This is, to our knowledge, the first national study to show the increasing popularity of menthol- and mint-flavored e-cigarettes among youth. In this study, the 2016 data showed that menthol or mint flavors were selected much less frequently than fruit- or candy-flavored e-cigarettes by high school students. This is consistent with findings from the Population Assessment of Tobacco and Health Study (2014-2015, wave 2), which found that mint- and menthol-flavored e-cigarettes were the fourth most popular flavor among youth aged 12 to 17 years.16 Additionally, another study conducted in 2014-2015 found that among youth aged 12 to 17 years, mint/menthol (24%) was ranked the fourth most popular flavor, behind fruit (76%), candy/other sweets (57%), and other (46%).17 However, the current study found a significant increase in reported use of menthol- or mint-flavored e-cigarettes among high school students between 2016 and 2019 to levels near that of fruit-flavored e-cigarettes.

In November 2018, the Food and Drug Administration announced several new steps to protect youth, including restricting sales of flavored e-cigarettes (other than tobacco, menthol, mint, or nonflavored) to physical locations with age restrictions or online with heightened age-verification procedures.18 After that announcement, certain manufacturers announced they would stop selling flavored e-cigarettes, except for mint/menthol.19,20 However, after the announcement, stores could sell any remaining stock of flavored products from these manufacturers; moreover, mint-, menthol-, and tobacco-flavored products continued to be available in retail stores.20 Additionally, flavored pods, in particular, were still available online20 and youth could use compatible nonbranded flavored pods in their devices, consistent with recent reports showing increases in sales of these compatible pods in fruit flavors.21 While data collection for the 2019 NYTS occurred after the announcement by certain manufacturers, supplemental analyses from the 2019 survey showed that most youth users were using flavored e-cigarettes in the spring of 2019, most of whom reported using mint or menthol flavors. The shift in the availability of e-cigarette flavors, due in part to the removal of flavors other than mint or menthol by certain manufacturers, may partially explain the increase in use of menthol- or mint-flavored e-cigarettes over time in this study. However, use of fruit-flavored e-cigarettes remains high among e-cigarette users in both high school and middle school.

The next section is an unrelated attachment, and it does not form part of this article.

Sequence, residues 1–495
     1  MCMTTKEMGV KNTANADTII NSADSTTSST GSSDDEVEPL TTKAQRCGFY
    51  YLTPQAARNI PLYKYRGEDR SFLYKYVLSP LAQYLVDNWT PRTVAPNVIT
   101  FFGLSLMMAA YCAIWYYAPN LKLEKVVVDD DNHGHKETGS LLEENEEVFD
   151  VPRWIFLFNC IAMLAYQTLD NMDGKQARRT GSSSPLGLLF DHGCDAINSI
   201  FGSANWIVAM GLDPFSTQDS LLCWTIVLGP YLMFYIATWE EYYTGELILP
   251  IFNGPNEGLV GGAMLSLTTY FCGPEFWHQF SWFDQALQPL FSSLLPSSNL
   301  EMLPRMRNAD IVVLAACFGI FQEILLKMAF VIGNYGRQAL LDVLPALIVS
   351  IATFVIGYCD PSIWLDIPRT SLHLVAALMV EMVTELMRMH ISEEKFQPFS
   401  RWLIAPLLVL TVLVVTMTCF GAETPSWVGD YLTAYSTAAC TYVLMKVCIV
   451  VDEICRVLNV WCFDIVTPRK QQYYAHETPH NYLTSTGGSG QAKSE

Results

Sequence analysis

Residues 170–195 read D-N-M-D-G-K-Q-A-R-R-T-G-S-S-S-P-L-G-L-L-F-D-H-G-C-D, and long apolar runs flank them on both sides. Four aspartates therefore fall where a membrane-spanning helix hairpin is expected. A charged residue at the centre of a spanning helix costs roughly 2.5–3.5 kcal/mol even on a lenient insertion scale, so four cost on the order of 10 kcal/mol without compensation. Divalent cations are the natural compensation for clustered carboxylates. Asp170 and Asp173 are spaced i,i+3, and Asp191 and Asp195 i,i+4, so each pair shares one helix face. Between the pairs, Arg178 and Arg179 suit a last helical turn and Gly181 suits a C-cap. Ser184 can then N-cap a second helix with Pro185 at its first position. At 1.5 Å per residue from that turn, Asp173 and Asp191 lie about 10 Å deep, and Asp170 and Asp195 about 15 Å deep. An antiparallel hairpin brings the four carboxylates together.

Third, information on flavor types used for individual tobacco products cannot be determined for youth who report using multiple flavored tobacco products. Therefore, data on flavor types used were only reported among current exclusive e-cigarette users for the current analysis, which account for approximately two-thirds of all current e-cigarette users.

Fifth, data were collected from youth who attended public or private school; therefore, the findings may not be generalizable to youth who are homeschooled, have dropped out of school, or are in detention centers. However, data from the Current Population Survey indicate that nearly 97% of US youth aged 10 to 17 years were enrolled in a traditional school in 2017.28

Additionally, the survey also shows that high school students who reported being current e-cigarette users also reported using the product more frequently. In the last year, the proportion of those using the product more regularly (on 20 or more of the past 30 days) increased from 20 percent to 27.7 percent, an alarming one-year rise. The 2018 NYTS also found that among high school e-cigarette users, there was a significant increase in current flavored e-cigarette use within the past year, from 60.9 percent to 67.8 percent. Research shows youth and young adults identify flavors as a primary reason for e-cigarette use. Additionally, there is evidence from the Population Assessment of Tobacco and Health (PATH) Study indicating youth who first tried a flavored tobacco product have a higher likelihood of current tobacco use compared to those who first tried an unflavored product.

Tailoring social media, digital resources and web content for parents, teachers, coaches, and other youth influencers, CDC provides states and communities with accurate, actionable, and up-to-date science and information about the risks of e-cigarettes to young people. For example, CDC has a number of online resources explaining the risks of e-cigarettes for youth and ways to prevent youth from using e-cigarettes or to help them stop.

The agency also issued letters in September to five major e-cigarette manufacturers that produce JUUL, Vuse, MarkTen, blu e-cigs and Logic, which, combined, comprise more than 97 percent of the market share for closed-system e-cigarette products. These letters asked the companies to submit to the FDA within 60 days plans describing how each firm will address the widespread youth access and use of its products. The FDA recently met with these companies to discuss not only the potential steps they would take to restrict youth access to, and appeal of, these products, but also the measures they think the FDA and other policy-makers can take to reverse the trends in youth use of e-cigarettes. 041b061a72